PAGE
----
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The Pros of a Convention Center Far Outweigh the Cons

For nearly six years, there have been whispers and chatter about whether our region needs a convention center. There have, at the same time, been ongoing discussions about the potential need for a performing arts center.

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For nearly six years, there have been whispers and chatter about whether our region needs a convention center. There have, at the same time, been ongoing discussions about the potential need for a performing arts center.

Within these conversations, I see two pressing questions:

  1. If we can currently only tackle one of these tasks, which should it be?
  2. Which has the larger potential economic impact for our region?

Several years ago, the Chamber’s board of directors took a position to unanimously support the need for a convention center. The action stopped short of recommending a location, but now is the time to elevate this discussion to the public.

Our view is that, of the two alternatives, a convention center will undoubtedly provide the largest economic impact. A convention center will be a boon to airports, hotels, bars and restaurants, and shopping throughout the region.

While we recognize that convention centers of this type do not always generate a positive cash flow, the potentially significant economic impact to our region far outweighs that concern. In our view, it’s high time to elevate the whispers to a community-level conversation. And while several studies have been completed on the matter, we feel those studies lack many variables that should be considered as we weigh such a big decision for our community.

Ultimately, there are really two main variables that will need to be a part of this conversation:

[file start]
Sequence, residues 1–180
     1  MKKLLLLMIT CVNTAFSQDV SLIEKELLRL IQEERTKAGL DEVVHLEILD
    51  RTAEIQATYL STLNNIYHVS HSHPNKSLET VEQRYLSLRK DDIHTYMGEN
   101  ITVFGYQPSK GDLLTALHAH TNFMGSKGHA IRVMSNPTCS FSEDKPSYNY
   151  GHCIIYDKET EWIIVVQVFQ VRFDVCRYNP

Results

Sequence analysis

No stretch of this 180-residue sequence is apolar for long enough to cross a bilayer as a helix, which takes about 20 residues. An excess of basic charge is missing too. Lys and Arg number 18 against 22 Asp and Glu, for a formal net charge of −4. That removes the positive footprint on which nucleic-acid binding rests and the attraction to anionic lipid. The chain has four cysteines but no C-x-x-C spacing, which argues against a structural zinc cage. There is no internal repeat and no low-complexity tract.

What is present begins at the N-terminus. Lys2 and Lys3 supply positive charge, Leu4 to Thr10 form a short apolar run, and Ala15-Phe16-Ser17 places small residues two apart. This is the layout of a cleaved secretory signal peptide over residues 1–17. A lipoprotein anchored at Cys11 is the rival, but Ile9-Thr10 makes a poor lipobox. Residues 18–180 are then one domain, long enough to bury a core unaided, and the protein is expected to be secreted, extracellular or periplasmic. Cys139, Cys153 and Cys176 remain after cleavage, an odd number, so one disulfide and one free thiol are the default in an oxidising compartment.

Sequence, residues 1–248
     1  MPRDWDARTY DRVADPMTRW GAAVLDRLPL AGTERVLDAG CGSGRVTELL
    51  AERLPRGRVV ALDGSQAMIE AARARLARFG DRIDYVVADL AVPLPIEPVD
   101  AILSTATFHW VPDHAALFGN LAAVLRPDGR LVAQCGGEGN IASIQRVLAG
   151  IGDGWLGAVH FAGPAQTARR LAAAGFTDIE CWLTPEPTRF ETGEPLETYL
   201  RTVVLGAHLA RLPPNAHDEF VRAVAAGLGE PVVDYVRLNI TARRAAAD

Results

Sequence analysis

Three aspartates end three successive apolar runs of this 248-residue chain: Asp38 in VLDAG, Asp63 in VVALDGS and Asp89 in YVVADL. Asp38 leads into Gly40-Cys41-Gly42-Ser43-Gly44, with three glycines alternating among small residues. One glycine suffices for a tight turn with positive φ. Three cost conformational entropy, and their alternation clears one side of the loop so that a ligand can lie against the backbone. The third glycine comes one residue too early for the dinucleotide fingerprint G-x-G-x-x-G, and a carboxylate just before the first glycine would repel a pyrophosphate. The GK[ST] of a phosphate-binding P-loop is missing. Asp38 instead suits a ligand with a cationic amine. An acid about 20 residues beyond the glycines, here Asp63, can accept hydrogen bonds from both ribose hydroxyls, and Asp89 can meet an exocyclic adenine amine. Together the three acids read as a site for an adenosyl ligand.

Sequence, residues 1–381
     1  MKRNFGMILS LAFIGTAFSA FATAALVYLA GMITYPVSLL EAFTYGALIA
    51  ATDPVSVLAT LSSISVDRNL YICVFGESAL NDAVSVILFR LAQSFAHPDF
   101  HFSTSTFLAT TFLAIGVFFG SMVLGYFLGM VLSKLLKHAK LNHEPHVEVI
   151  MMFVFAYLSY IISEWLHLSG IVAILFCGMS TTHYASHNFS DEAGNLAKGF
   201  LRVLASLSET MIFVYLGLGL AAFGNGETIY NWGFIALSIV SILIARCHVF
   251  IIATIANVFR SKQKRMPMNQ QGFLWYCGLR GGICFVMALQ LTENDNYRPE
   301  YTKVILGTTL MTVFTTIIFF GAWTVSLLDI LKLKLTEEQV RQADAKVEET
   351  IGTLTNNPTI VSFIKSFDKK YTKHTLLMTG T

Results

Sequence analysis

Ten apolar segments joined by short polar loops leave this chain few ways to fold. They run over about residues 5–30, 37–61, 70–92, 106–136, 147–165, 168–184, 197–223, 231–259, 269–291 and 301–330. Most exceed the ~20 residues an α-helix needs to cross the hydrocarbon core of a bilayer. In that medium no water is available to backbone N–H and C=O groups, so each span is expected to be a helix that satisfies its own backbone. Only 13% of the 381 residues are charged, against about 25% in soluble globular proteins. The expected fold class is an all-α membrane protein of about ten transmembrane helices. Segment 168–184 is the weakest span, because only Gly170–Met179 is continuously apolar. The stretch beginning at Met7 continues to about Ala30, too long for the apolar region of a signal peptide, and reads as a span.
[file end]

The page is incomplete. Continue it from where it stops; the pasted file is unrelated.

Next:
1) Cost is, of course, at the top of the list of considerations. We fully endorse a public discussion of the options and lean toward a serious discussion of what a public-private partnership could look like. The goal is to have as little impact on taxpayers as possible, and preliminary discussions suggest there is strong interest from the private sector to participate in this project.

2) Location must also be considered, keeping in mind that a regional approach is more important than “picking” one city over another.

A Convention Center: In Summary

  • A potential project should be discussed in public by the business community rather than dictated by city officials.
  • The significant impact on the business community is wide-ranging, and the potential impact on our community is great.
  • The Chamber would like to convene a task force to do a deep dive into feasibility, location, cost, and other variables, with a strong concentration on a public-private partnership.

FMWF Chamber of Commerce

FMWFChamber.com
218-233-1100

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Written by Craig Whitney

Craig Whitney is the president and CEO of the Fargo Moorhead West Fargo Chamber of Commerce.

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